Valley of the Kings Behind the Scenes

The following is from the Turner Classic Movies website article about Valley of the Kings.
The author is Jeremy Arnold.  For the full article please visit tcm.com.

“Valley of the Kings was the first major Hollywood production to be filmed in Egypt, and also the first to have its world premiere there. The film shot all over the country, including at an ancient monastery on the Sinai Peninsula. According to a Good Housekeeping article from [1954], the cast and crew traveled 300 difficult miles from Cairo, including a final portion by camel, and lived for a week with the 19 monks who resided there. “They slept on wooden cots in the cells provided for pilgrims and joined the holy men in their meager daily rations. The brothers, members of the Greek Orthodox Church, showed little interest in the filmmaking but were willing hosts and did not object to playing themselves.”RT853RT5574RT5068

(Photos:  Kurt Kasznar, Robert Taylor, Carlos Thompson; Eleanor Parker, Robert Taylor; Samia Gamal, Robert Taylor.)

“Pirosh later said that he stopped directing movies after 1957 because he couldn’t bear the creative power struggles behind the scenes. On Valley of the Kings, he clashed with MGM production chief Dore Schary and Schary’s underling Charles Schnee. The executives demanded script changes; Pirosh made one or two and ignored the rest. Then, once shooting began in Egypt and rushes were screened back in Hollywood, Pirosh started receiving phone calls demanding to know where the other changes were. “It was real, real tough,” Pirosh later recalled. “One day Charlie Schnee showed up in Egypt. He said, ‘I have instructions from Dore that you either make the changes that I want made or he’s sending over another director.’ So I made the changes. They were not too hard to make, but they changed the character relationships in a way that I didn’t like, and there was a certain amount of friction with the actors.

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(Photos: Robert Pirrosh, Parker, Taylor; Parker and Taylor)

“‘I was not good at handling the Robert Taylors in the business,’ Pirosh continued. ‘If the actor is more powerful with the studio than the director, it’s serious trouble for the director. Then the director has to make tremendous compromises and go through all sorts of agony and develops ulcers. I knew that sooner or later I was going to drop out of directing.'”

There was behind-the-scenes drama involving the actors as well. Robert Taylor and Eleanor Parker had previously teamed for Above and Beyond (1952) and had had an affair on that film…. By the time [they] reunited in Egypt on Valley of the Kings, Taylor was involved with young actress Ursula Thiess, and Parker was newly divorced. The two resumed their dalliance. Thiess heard about it, grew jealous, and started seeing other men, making sure the news hit the gossip columns. When Taylor returned home, Thiess refused to see him, which had the intended effect of making him even more jealous. Finally he….. proposed. Thiess accepted, and on May 24, 1954, a few months before Valley of the Kings opened in theaters, they were married.”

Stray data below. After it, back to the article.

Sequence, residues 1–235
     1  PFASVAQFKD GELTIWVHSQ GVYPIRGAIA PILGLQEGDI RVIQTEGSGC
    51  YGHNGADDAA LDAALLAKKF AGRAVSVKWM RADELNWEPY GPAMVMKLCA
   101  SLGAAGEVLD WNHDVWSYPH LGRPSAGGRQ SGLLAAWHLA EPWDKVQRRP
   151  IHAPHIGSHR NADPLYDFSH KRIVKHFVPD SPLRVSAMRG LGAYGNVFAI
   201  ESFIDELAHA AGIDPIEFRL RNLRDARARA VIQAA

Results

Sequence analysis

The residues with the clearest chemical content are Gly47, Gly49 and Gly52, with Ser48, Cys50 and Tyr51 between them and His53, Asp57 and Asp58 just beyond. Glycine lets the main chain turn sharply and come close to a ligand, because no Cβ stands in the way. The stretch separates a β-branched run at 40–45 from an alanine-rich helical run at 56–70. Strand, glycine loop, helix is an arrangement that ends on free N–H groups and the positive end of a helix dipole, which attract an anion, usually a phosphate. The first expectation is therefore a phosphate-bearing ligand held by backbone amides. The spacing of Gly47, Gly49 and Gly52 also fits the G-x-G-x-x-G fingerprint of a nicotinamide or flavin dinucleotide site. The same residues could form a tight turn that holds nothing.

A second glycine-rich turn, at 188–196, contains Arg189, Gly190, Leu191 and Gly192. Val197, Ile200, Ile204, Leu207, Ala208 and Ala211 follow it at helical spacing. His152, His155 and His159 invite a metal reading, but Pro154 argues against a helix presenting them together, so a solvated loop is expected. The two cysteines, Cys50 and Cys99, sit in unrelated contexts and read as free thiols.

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(Photos; filming at the Sphinx; Parker, Taylor,  Pirrosh(?))

To add to the difficulties, Robert Taylor was injured early in the filming.  He had to jump off a camel over and over and damaged a knee that had been previously hurt during a hunting trip to Canada.  As he put it, “‘last Sunday morning I got up scarcely able to walk.  I got to work, but when we finished for the day, I got a Doc from the Anglo-American hospital here who examined me, insisted on X-Rays, and pronounced my condition  as something which sounds more than an Italian Liqueur than a bone condition…..Pelligrini-Steida’s [sic] Disease.” This was a calcium deposit on the outside edge of a bone in Bob’s knee joint.  Tendons and nerves rubbing on that joint caused the pain.”  (Linda J. Alexander, Reluctant Witness, North Carolina, Tease Publishing, 2008, p. 285).

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(Photos: Taylor tries a mode of transportation safer than a camel.)

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About giraffe44

I became a Robert Taylor fan at the age of 15 when his TV show, "The Detectives" premiered. My mother wanted to watch it because she remembered Mr. Taylor from the thirties. I took one look and that was it. I spent the rest of my high school career watching Robert Taylor movies on late night TV, buying photos of him, making scrapbooks and being a typical teenager. College, marriage and career intervened. I remember being sad when Mr. Taylor died. I mailed two huge scrapbooks to Ursula Thiess. I hope she got them. Time passed, retirement, moving to Florida. Then in 2012 my husband Fred pointed that there were two Robert Taylor movies that evening on Turner Classic Movies--"Ivanhoe" and "Quentin Durward." I watched both and it happened all over again. I started this blog both for fans and for people who didn't know about Robert Taylor. As the blog passes 200,000 views I'm delighted that so many people have come by and hope it will help preserve the legacy of this fine actor and equally good man.
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